Skydance and Paramount’s Top Gun: Maverick earned another $12.71 million on Wednesday, down just 14% from last Wednesday and 8% from yesterday, bringing its domestic cume up to $334.5 million. That puts it $100 million last Tom Cruise’s previous domestic high-water mark (sans inflation), Steven Spielberg’s War of the Worlds. Also, in terms of just raw post-debut legs, the film has already doubled its $160.5 million Fri-Mon opening weekend.
It’s already leggier than not just the three X-Men Memorial Day openers (The Last Stand, Days of Future Past and Apocalypse) but also Fast & Furious 6 ($238 million total from a $117 million debut in 2013) and Solo: A Star Wars Story ($214 million/$103 million in 2018). It will, presumably on Saturday, pass The Batman ($369 million from a $134 million debut) to be the second-biggest domestic earner before it passes Doctor Strange in the Multiverse of Madness ($392 million-and-counting) in the coming weeks.
With (rough estimate) $625-$635 million worldwide thus far, it has passed the global gross ($611 million) of China’s The Battle at Lake Changjin 2 to become this year’s second-biggest global earner behind The Batman ($760 million with just $20 million from China) and Doctor Strange 2 ($912 million with just $0 million from China). It will pass The Batman in over/under a week to rank second worldwide for 2022. Even if it doesn’t pass the $900 million-plus cume of the MCU sequel, A) it’s still a monster hit considering pre-release expectations and B) it’s going to easily trounce Doctor Strange 2 in domestic earnings.
Not to be outdone, the Sam Raimi-directed Marvel movie has passed the $911 million global gross of China’s The Battle at Lake Changjin from late 2021. That makes it the second biggest Covid-era grosser behind Marvel and Sony’s Spider-Man: No Way Home ($1.891 billion including $0.00 from China). Meanwhile, A24’s Everything, Everywhere All at Once will pass (today) the $61.7 million domestic gross of MGM and Channing Tatum’s Dog. The indie smash hit, co-produced by AGBO (the company founded by the Russos, Mike Larocca and Todd Makurath which also produced Netflix’s Extraction and Apple’s Cherry), is now the third-biggest live-action original since the pandemic began.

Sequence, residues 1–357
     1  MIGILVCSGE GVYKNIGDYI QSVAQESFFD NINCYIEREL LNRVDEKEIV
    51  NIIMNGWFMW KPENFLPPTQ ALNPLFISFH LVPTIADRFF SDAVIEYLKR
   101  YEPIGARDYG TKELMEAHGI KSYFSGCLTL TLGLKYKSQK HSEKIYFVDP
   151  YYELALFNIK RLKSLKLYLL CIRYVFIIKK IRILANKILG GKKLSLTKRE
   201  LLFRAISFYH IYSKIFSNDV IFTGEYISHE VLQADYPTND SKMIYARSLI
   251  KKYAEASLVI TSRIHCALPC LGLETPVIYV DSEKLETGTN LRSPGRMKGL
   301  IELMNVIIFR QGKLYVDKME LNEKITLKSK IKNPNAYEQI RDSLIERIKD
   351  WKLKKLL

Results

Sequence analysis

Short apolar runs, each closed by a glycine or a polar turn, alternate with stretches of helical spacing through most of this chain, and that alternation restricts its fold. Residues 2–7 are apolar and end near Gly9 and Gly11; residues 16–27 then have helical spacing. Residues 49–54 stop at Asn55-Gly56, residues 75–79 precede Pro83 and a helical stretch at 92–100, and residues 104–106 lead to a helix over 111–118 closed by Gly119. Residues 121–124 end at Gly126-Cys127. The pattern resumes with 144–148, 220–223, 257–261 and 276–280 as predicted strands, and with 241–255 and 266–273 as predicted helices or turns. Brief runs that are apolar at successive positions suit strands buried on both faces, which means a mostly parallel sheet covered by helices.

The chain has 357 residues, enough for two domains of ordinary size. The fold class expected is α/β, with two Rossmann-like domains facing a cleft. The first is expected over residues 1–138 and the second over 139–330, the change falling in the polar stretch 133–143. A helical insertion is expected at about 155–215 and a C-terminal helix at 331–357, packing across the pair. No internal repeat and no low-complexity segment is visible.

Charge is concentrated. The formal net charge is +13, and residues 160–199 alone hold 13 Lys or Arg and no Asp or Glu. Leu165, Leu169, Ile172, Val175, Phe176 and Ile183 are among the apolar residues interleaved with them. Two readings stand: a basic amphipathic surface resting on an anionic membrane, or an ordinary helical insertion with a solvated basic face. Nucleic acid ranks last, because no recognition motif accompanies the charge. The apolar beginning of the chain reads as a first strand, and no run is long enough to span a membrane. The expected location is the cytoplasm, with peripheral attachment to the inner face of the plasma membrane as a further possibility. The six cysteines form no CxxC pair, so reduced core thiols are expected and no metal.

The Daniels-directed multiverse fantasy, starring Michelle Yeoh and Ke Huy Quan, sits behind only The Lost City ($104 million) and Free Guy ($120 million) in terms of wholly original Hollywood releases since (depending on what you count as original) 1917 ($157 million in early 2020) or Knives Out ($163 million in late 2019). Yes, Lost City and Dog both co-star Channing Tatum, and while I’ve tended to mostly credit Sandra Bullock with the former, they are more proof that Tatum is still bankable when he’s not playing an action hero.
As for AGBO, here’s hoping that The Grey Man (a $200 million actioner starring Chris Evans, Ryan Gosling and Ana De Armas) plays as much like a “real Hollywood blockbuster” as did Extraction. Considering their “Tom Clancy in tights” plotting and “The Raid but with capes” action sequences for Captain America: The Winter Soldier was a key reason as to why Marvel began to dominate the blockbuster ecosystem, and the action in Civil War was also damn terrific, I’m inclined to give them the benefit of the doubt. And as for The Battle at Lake Changjin 1 and 2, well let’s just say Jurassic Park: Dominion is now a big test *for* China instead of a test for Hollywood in China.